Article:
>>> range slice used by map-reduce will find the first row in the batch and
>>> then step through them.
>>>
>>> Cheers
>>>
>>>
>>>   -----------------
>>> Aaron Morton
>>> Freelance Developer
>>> @aaronmorton
>>> http://www.thelastpickle.com
>>>
>>> On 22/03/2012, at 11:43 PM, Alexandru Sicoe wrote:
>>>
>>> Hi guys,
>>>
>>> Based on what you are saying there seems to be a tradeoff that
>>> developers have to handle between:
>>>
>>>                                "keep your rows under a certain size" vs
>>> "keep data that's queried together, on disk together"
>>>
>>> How would you handle this tradeoff in my case:
>>>
>>> I monitor about 40.000 independent timeseries streams of data. The
>>> streams have highly variable rates. Each stream has its own row and I go to
>>> a new row every 28 hrs. With this scheme, I see several tens of rows
>>> reaching sizes in the millions of columns within this time bucket (largest
>>> I saw was 6.4 million). The sizes of these wide rows are around 400MBytes
>>> (considerably > than 60MB)
>>>
>>> Will adding a few tens of wide rows like this every day cause me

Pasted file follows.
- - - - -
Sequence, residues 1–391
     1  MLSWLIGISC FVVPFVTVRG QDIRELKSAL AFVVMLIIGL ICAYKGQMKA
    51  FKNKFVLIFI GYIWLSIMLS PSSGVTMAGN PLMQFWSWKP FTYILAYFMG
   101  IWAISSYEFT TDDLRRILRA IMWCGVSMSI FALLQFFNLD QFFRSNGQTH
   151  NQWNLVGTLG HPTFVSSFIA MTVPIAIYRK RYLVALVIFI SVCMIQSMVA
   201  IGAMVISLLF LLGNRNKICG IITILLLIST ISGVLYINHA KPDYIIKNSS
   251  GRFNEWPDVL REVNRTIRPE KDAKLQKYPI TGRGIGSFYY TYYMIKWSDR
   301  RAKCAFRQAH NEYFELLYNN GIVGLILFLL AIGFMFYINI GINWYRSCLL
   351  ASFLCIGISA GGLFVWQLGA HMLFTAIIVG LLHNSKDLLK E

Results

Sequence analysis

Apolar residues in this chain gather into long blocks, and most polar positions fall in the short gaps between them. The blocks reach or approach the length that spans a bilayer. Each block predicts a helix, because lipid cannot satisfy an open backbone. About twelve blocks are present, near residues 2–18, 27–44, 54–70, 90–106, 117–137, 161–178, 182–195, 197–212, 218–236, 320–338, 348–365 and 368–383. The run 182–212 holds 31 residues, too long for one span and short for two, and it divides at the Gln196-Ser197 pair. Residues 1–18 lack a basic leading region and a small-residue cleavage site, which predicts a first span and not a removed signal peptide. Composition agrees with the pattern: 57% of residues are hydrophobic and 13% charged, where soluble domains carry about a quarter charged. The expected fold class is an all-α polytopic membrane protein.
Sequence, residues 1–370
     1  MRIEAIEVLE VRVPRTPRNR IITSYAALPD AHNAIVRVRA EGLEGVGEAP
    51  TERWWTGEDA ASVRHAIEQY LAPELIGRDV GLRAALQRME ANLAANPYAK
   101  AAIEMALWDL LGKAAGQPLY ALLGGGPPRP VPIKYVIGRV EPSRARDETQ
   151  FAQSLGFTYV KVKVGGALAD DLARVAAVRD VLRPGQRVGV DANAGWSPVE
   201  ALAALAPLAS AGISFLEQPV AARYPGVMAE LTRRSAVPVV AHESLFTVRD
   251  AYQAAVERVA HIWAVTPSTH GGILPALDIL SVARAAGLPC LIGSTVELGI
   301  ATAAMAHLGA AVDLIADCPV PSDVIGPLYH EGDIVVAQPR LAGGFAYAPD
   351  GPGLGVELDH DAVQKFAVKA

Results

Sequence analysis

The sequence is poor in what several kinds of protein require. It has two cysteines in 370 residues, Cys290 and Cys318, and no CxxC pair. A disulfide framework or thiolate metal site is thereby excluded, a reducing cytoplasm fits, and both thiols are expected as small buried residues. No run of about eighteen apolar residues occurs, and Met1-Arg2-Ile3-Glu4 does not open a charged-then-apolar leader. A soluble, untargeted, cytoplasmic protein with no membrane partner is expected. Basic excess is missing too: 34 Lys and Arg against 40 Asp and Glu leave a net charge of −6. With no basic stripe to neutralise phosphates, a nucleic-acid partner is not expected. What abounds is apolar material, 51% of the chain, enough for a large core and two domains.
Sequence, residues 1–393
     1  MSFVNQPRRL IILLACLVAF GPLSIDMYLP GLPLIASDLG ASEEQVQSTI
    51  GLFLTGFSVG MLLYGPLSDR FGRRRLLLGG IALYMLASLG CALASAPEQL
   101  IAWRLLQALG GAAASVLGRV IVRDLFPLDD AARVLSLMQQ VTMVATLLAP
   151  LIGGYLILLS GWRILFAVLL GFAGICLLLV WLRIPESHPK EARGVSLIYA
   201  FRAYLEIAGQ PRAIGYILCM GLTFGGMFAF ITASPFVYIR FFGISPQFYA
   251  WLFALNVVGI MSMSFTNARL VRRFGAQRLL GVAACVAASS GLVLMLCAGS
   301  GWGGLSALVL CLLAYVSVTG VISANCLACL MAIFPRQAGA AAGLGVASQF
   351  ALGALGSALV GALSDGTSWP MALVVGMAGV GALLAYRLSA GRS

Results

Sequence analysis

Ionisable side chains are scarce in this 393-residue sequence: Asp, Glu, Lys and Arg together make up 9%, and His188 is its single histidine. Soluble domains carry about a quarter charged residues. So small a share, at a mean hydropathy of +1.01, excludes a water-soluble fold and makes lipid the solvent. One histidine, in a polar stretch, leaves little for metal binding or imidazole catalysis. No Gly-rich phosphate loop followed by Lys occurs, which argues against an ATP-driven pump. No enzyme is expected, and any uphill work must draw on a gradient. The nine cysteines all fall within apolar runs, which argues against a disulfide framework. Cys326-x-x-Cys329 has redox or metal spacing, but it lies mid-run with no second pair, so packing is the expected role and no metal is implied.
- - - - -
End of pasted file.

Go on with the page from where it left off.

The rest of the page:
>>> problems on the long term? Should I consider lowering the time bucket?
>>>
>>> From experience I am a bit reluctant to create too many rows because I
>>> see that reading across multiple rows seriously affects performance. Of
>>> course I will use map-reduce as well ...will it be significantly affected
>>> by many rows?
>>>
>>> Cheers,
>>> Alex
>>>
>>> On Tue, Mar 20, 2012 at 6:37 PM, aaron morton <aaron@thelastpickle.com>wrote:
>>>
>>>> The reads are only fetching slices of 20 to 100 columns max at a time
>>>> from the row but if the key is planted on one node in the cluster I am
>>>> concerned about that node getting the brunt of traffic.
>>>>
>>>> What RF are you using, how many nodes are in the cluster, what CL do
>>>> you read at ?
>>>>
>>>> If you have lots of nodes that are in different racks the
>>>> NetworkTopologyStrategy will do a better job of distributing read load than
>>>> the SimpleStrategy. The DynamicSnitch can also result distribute load, see
>>>> cassandra yaml for it's configuration.
>>>>